Managing the performance of cloud-based applications can be difficult due to the "opaque" nature of the cloud, meaning that cloud customers often have very little visibility into what's actually going on in the cloud and little visibility into cloud resource management decisions. For example, what happens if your "neighbor" in the cloud experiences an unexpected traffic spike? Contrary to popular belief, cloud resources are not without limits, and a spike in a neighbor's traffic may impact your application performance. The only way to avoid this is to demand specific application performance guarantees from your cloud service provider up front, and routinely validate your SLA by measuring your end users' experiences on the "other side of the cloud."
What tools can help businesses understand how performance of cloud service providers and/or the Internet infrastructure overall may be impacting application performance for their end users?
For today's modern applications, the Internet is the data center, and with so many variables impacting performance, you must have a consolidated, all-encompassing view that pinpoints the root causes of performance issues -- both within and beyond your firewall -- for your most important end-user segments and applications. This ensures a proactive approach to identifying and fixing problems and reducing mean time to repair.
In addition, there are now online cloud forums available that deliver real-time information on the performance of leading cloud service providers. Furthermore, there are tools which show at any given moment how the Internet infrastructure is performing in aggregate from a "last mile," end-user perspective across the globe. Such tools can help businesses determine if application slowdowns are unique to them or part of a wider problem.
How does end-user monitoring help?
Poorly performing applications that are slow, unreliable and low quality can alienate employees and customers, leading to lost worker productivity and revenues and poor brand image and customer satisfaction. Truly, the only perspective that matters is that of the end user -- not the servers in your data center. End-user monitoring can help identify, isolate, and fix performance problems before they escalate, ideally before end users are even aware a problem exists.
How can businesses best address performance across a rapidly increasing range of usage scenarios (different browsers, versions, devices, etc.)?
Businesses need to prioritize and routinely measure and monitor the end-user experience across the most common usage scenarios and key geographies. For example, are the majority of your customers Internet Explorer users in North America or Firefox users in Europe? From which types of mobile devices do you receive the most traffic: Blackberries, iPhones, or Sidekicks? You shouldn't waste too much time or energy on usage scenarios or geographies that aren't overly significant from a business perspective.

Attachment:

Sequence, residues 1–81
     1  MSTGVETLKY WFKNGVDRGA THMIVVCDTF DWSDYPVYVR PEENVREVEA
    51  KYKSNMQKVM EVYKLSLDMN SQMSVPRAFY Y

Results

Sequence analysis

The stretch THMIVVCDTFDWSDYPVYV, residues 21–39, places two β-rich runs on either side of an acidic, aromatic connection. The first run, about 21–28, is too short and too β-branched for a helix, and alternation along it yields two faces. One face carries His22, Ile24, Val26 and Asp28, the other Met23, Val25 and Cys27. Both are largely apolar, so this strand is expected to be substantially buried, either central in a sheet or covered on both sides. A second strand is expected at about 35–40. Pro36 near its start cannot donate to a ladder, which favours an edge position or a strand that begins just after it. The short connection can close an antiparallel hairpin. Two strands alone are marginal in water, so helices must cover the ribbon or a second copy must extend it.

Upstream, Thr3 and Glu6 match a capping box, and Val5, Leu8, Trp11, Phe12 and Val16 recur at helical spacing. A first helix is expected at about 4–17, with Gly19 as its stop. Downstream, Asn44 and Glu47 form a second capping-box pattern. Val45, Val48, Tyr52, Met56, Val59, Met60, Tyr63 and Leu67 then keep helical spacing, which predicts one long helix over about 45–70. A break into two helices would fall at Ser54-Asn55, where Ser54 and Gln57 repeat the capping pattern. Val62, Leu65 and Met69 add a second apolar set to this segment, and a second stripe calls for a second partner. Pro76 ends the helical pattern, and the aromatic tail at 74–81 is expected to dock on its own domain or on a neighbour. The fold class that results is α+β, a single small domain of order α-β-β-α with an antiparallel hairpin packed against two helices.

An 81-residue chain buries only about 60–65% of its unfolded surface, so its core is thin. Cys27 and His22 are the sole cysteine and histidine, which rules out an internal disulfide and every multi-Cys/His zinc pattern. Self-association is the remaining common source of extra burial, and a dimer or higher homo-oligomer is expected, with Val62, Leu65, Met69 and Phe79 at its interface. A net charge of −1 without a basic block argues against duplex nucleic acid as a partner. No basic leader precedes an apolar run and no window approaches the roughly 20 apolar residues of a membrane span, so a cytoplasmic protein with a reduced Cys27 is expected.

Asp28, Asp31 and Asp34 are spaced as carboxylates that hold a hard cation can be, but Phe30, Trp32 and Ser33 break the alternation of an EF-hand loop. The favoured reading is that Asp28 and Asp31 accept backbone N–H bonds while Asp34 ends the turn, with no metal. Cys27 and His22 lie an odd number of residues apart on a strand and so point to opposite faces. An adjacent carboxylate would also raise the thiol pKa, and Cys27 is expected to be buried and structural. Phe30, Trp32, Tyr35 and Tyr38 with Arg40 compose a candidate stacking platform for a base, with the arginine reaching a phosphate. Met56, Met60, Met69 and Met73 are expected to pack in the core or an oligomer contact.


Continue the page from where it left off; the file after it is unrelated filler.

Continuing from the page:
Why is it important for non-IT executives -- line of business managers, for example -- to also understand the end-user experience?
The application delivery chain is only as strong as its weakest link, but you can't see every link. You have blind spots in major areas that could be causing problems you don't even know about; nor do you understand their business impact.
Ensuring effective performance for Web-based applications is both a business and IT responsibility, and strong partnerships here are a must. Through informed, proactive communication, business and IT executives can ensure the best possible end-user application experiences within an acceptable cost structure.
For example, let's say the business team wants to add new site content (such as graphics or video) during an anticipated period of peak traffic. The IT team can demonstrate how the addition of this content will likely impact the end-user experience under high loads for critical revenue-generating applications. A cost/benefit analysis can also be used to weigh the value of third-party services. How might they potentially impact application performance downstream, and is this worth the benefit of greater feature-richness? Would these services slow performance, likely resulting in a decrease in conversions, or hinder the site's ability to handle peak traffic during an upcoming marketing campaign?
Answering these types of questions helps to achieve a critical balance between Web site functionality and performance, in alignment with end-user expectations.
What role does Compuware play in application performance management?
Compuware offers an integrated application performance management (APM) solution called the Compuware Gomez platform that includes both Compuware's on-premises APM products (formerly called Vantage) and its software-as-a-service (SaaS) APM products, now all operating under the Gomez product brand name. Through this platform, Compuware can help businesses increase revenues, profitability, and brand equity by optimizing mobile and Web application performance across the entire application delivery chain -- from data centers through the cloud to the edge of the Internet.
Compuware also offers authoritative industry benchmarks that measure and rank Web-based application performance among leading companies. These benchmarks can help businesses determine the relative strength of their own online application performance and if there are areas for improvement based on the "bar" being set by their industry counterparts.